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Amazon Elastic Compute Cloud
User Guide for Linux Instances

Launch Your Instance

An instance is a virtual server in the AWS cloud. You launch an instance from an Amazon Machine Image (AMI). The AMI provides the operating system, application server, and applications for your instance.

When you sign up for AWS, you can get started with Amazon EC2 for free using the AWS Free Tier. You can either leverage the free tier to launch and use a micro instance for free for 12 months. If you launch an instance that is not within the free tier, you incur the standard Amazon EC2 usage fees for the instance. For more information, see the Amazon EC2 Pricing.

You can launch an instance using the following methods.

MethodDocumentation

Use the Amazon EC2 console with an AMI that you select

Launching an Instance

Use the Amazon EC2 console to launch an instance using an existing instance as a template

Launching an Instance Using an Existing Instance as a Template

Use the Amazon EC2 console with an Amazon EBS snapshot that you created

Launching a Linux Instance from a Backup

Use the Amazon EC2 console with an AMI that you purchased from the AWS Marketplace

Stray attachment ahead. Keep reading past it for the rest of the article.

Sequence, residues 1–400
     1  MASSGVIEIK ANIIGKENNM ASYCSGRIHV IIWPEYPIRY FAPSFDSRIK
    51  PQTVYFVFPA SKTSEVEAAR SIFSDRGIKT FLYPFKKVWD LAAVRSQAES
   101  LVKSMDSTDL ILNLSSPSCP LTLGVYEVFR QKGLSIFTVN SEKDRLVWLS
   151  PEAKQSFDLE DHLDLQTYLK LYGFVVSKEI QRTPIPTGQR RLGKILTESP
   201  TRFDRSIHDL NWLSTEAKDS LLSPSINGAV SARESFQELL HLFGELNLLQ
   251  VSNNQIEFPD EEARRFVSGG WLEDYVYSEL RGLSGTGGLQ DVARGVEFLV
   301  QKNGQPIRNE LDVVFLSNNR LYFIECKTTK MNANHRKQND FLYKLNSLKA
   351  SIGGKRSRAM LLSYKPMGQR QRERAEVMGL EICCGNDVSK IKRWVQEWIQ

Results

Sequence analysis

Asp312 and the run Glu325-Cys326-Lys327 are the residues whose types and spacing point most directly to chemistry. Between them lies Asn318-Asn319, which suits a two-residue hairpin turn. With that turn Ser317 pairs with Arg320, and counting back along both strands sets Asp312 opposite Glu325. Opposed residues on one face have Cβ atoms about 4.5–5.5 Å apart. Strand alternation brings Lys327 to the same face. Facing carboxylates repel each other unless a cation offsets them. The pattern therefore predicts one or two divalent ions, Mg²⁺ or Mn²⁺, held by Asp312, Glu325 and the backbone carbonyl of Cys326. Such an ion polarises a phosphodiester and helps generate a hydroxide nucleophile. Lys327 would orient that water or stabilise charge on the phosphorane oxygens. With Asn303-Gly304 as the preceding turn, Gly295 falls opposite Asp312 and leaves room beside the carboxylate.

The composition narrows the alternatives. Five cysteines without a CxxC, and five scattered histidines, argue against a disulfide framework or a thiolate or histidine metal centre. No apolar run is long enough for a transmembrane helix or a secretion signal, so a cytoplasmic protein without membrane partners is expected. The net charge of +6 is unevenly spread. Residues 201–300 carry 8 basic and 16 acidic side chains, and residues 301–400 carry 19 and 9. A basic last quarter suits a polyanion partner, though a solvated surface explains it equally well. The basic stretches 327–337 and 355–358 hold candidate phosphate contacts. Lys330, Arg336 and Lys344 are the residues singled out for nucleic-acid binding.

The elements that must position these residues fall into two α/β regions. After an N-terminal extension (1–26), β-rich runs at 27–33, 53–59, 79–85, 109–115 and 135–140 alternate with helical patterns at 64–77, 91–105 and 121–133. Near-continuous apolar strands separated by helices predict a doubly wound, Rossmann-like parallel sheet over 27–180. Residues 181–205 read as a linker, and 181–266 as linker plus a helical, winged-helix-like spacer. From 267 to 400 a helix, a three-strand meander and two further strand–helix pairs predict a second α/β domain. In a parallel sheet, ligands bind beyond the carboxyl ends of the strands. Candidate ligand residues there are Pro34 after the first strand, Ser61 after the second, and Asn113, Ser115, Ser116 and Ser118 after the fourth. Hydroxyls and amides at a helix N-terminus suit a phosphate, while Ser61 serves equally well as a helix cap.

Launching an AWS Marketplace Instance

Use the AWS CLI with an AMI that you select

Using Amazon EC2 through the AWS CLI

Use the Amazon EC2 CLI with an AMI that you select

Launching an Instance Using the Amazon EC2 CLI

Use the AWS Tools for Windows PowerShell with an AMI that you select

Amazon EC2 from the AWS Tools for Windows PowerShell

After you launch your instance, you can connect to it and use it. To begin, the instance state is pending. When the instance state is running, the instance has started booting. There might be a short time before you can connect to the instance. The instance receives a public DNS name that you can use to contact the instance from the Internet. The instance also receives a private DNS name that other instances within the same Amazon EC2 network (EC2-Classic or EC2-VPC) can use to contact the instance. For more information about connecting to your instance, see Connect to Your Linux Instance.

When you are finished with an instance, be sure to terminate it. For more information, see Terminate Your Instance.